Next: Season One!

Last edited by MeMyself; 29-05-2012 at 06:19 PM.
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Old 29-05-2012, 06:19 PM   #2   [permalink]
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Today we continue talking with Ai Enma. She remembers season 1 of Hell Girl.


Question: OK. You have the lead in the series. But you are the new kid on the block. Your co-stars are experienced veterans. How did that work out between everyone?

Ai: Very well. As you said, they were veterans, but they are also professionals. They wanted the show to succeed. I was pretty green, but they all worked with me. Hone Onna was a cross between a mother figure and big sister for me. Ren Ichimoka was like a big brother looking out for me when the cameras were not running. Wanyuudou like to play the wise old man, since he was the senior member of the cast, but he was also a jokester. But it was Wanyuudou who gave me the best advice of all. He said, ďEnjoy yourself, kid. Or get off the set!Ē

Q: What sort of preparation did you have?

A: Well. . . . Meetings. Lots of meetings. That is the Japanese way. And after the meetings, the four of us and the guest actors would often go out for a late lunch together and discuss the episode further. By the time we were filming, we pretty well knew where each person was coming from with their characters. We had everything in sync.

Q: You were the main series character, but sometimes you made only brief appearances. Many of the episodes centered around characters appearing only in that episode. How did that effect your performance?

A: Oh wow! Great question. It made it harder for sure. Hell Girl had to dominate every episode, even if I did not appear until the end or made brief appearances here and there. So my characterization had to be stronger than it would be otherwise. Considering the understated approach I took, it was a challenge.

Q: What thoughts did you have in your mind to make your character more effective?

A: Hmmm. Well, obviously Hell Girl is a conflicted character with a lot of issues and conflicting emotions inside of her. She keeps these buried and suppressed for most of the first season. We only find out about these issues in the last two or three episodes, which were my favorites of the entire series. Now for the entire first season, knowing how the series would end, I developed those emotional conflicts in my own head and suppressed them. I wanted to get as close to my character as I could. Just as my character consciously suppressed her emotions, so did I.

Q: Until the final episodes. Is that why they are your favorites?

A: Yes. I finally got to release all my frustrations, anger, angst. It was quite a relief.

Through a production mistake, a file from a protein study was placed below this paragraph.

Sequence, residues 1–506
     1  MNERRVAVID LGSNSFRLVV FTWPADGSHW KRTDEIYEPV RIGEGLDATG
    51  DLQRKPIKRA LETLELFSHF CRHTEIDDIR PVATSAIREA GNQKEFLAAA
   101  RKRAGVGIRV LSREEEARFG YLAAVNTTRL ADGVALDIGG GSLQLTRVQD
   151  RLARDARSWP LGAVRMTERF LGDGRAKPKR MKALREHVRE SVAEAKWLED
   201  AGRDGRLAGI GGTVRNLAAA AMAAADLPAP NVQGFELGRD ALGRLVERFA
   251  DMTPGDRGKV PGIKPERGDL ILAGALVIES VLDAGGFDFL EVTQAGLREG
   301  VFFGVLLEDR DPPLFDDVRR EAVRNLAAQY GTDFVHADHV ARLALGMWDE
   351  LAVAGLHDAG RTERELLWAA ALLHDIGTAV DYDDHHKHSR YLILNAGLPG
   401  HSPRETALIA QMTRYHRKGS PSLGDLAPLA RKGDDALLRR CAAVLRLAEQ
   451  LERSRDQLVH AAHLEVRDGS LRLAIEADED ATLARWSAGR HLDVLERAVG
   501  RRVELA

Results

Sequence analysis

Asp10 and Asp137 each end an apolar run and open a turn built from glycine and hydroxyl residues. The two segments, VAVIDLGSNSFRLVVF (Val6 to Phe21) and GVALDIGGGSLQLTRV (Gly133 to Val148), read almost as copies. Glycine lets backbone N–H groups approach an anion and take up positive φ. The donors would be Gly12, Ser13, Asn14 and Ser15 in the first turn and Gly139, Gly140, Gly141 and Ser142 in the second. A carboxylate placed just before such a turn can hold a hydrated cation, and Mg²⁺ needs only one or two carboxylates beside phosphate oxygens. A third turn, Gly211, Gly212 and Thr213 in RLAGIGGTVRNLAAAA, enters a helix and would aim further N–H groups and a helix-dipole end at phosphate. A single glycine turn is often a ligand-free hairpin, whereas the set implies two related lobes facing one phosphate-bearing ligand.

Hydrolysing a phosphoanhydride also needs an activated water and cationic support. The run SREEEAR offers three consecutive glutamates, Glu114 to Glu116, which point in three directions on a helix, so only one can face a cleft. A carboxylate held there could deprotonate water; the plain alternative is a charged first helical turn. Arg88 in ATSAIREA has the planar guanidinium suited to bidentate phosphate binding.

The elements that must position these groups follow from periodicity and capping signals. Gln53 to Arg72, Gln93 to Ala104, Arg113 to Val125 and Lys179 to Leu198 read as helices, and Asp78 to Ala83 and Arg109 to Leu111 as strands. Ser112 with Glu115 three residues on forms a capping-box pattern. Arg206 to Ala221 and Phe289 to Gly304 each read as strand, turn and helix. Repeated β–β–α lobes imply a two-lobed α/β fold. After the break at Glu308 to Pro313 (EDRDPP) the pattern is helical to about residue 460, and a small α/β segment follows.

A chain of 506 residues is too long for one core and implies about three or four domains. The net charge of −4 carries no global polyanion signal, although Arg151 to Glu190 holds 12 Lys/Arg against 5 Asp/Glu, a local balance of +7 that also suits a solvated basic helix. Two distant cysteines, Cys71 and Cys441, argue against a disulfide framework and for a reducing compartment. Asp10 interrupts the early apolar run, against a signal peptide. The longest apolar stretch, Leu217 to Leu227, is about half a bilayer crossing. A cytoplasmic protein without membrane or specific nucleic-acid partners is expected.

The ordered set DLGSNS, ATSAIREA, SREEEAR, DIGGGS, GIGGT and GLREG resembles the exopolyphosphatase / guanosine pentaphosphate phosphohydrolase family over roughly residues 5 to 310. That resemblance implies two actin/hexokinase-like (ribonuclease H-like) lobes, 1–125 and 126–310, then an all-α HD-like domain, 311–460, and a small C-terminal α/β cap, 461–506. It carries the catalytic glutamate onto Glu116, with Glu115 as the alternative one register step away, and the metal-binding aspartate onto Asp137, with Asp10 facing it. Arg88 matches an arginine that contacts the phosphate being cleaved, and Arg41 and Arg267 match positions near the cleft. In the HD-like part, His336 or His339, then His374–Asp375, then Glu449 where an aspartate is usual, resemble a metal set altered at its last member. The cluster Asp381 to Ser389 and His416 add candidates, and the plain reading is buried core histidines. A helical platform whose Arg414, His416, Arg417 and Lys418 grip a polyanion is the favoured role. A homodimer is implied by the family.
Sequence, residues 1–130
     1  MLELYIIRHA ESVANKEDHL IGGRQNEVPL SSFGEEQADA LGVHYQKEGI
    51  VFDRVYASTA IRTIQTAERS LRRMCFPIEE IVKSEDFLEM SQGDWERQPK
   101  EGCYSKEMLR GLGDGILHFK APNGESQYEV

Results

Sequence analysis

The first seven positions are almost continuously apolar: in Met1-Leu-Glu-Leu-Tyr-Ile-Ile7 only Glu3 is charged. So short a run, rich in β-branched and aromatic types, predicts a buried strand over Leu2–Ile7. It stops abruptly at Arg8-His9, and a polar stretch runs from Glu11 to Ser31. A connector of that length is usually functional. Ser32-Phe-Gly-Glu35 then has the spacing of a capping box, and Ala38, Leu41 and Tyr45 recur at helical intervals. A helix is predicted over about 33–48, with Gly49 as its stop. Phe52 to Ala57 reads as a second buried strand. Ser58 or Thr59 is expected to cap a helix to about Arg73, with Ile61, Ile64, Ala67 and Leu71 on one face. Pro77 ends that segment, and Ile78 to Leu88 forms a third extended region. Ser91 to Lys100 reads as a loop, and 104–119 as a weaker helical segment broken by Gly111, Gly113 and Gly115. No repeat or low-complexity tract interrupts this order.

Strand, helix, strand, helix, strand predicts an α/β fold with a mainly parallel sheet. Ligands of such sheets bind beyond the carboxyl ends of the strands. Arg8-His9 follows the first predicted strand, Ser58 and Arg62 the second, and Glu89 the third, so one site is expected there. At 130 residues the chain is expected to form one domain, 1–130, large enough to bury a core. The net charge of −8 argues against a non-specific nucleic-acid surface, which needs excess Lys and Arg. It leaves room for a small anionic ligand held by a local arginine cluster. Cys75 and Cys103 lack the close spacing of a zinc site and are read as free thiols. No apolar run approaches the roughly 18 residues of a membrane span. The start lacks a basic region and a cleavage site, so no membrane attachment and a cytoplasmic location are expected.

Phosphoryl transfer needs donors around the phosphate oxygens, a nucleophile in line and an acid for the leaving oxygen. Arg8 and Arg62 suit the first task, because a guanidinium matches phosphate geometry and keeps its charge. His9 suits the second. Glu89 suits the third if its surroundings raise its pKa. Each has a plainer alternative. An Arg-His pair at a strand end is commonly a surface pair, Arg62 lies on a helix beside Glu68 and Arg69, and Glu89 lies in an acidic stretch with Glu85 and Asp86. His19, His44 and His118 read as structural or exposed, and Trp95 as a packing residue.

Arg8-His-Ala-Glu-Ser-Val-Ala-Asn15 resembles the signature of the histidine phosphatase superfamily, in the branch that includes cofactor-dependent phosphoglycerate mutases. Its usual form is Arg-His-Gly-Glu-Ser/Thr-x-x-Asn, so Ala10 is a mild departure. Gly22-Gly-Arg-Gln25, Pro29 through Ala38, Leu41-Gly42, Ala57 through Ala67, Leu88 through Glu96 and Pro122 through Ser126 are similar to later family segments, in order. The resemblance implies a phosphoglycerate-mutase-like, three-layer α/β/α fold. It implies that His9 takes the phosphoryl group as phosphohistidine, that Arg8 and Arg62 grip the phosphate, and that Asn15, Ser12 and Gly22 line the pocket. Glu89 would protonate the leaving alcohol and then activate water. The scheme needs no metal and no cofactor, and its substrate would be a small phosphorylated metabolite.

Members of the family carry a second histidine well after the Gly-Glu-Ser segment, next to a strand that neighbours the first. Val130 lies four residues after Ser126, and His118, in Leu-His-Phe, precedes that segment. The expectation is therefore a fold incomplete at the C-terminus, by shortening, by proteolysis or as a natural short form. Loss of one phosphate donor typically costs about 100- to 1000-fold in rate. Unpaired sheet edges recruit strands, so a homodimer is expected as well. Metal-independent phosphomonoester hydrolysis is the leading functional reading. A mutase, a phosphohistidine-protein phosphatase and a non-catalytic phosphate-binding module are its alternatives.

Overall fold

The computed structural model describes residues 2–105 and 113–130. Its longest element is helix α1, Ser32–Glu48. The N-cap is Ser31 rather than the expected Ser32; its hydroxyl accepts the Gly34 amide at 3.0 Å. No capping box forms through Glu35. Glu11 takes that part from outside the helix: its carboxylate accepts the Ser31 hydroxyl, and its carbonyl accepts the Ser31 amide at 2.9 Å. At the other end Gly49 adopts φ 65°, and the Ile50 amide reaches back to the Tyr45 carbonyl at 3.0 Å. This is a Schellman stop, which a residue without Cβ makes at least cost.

Q: It must have been exhausting as well.

A: Yes. I was wound pretty tight at the end of each shooting day.

Q: So how did you unwind?

A: Oh boy. I shouldnít say this. I would go back to my dressing room and smoke a joint. (Laughs) Youíve heard how drugs are available on practically every set. Iíd buy a joint cheap off one of the stage hands, go to my dressing room, lock the door and smoke it.

Q: Do you still smoke?

A: Oh no. I really didnít like it. It did relax me, but it also left me with the feeling I was not in control. That I didnít like. After the second season, I stopped.

Q: What about the first season did you not like?

A: (Laughs) You know all those scenes where I was bathing in that pond wearing nothing but my nagajuban? I hated doing those scenes because the water was so cold. They couldnít warm it up because the steam would fog the camera lens. Iíd get out of there and had to fight the shivers. When I finally get that wet thing off me and a dry towel around me, an assistant would give me hot tea to drink. That did no good. I still caught colds.

Q: How did you handle sudden fame? Were you prepared?

A: Prepared? Yes and no. My parents talked to me about it. So did my agent, my producer, my co-stars. But I really did not know what to expect. Sometimes it was kind of fun to be recognized in public and to talk to fans about the series. But sometimes it got to be a bit too much. I remember after we finished shooting the first season, about the time the fourteenth episode had aired, I had gone out with some girls from my old school. We were taking my best friend out to dinner and a movie for her birthday. At the restaurant, people kept coming up to our table asking for my autograph. Everyone thought it was funny at first, but eventually I could see they were getting annoyed. I was annoyed. I just wanted some time with my friends. At the movie theater, someone yelled out, ďHey! Itís Hell Girl!Ē It was so embarrassing. I felt bad that my best friendís birthday celebration was ruined.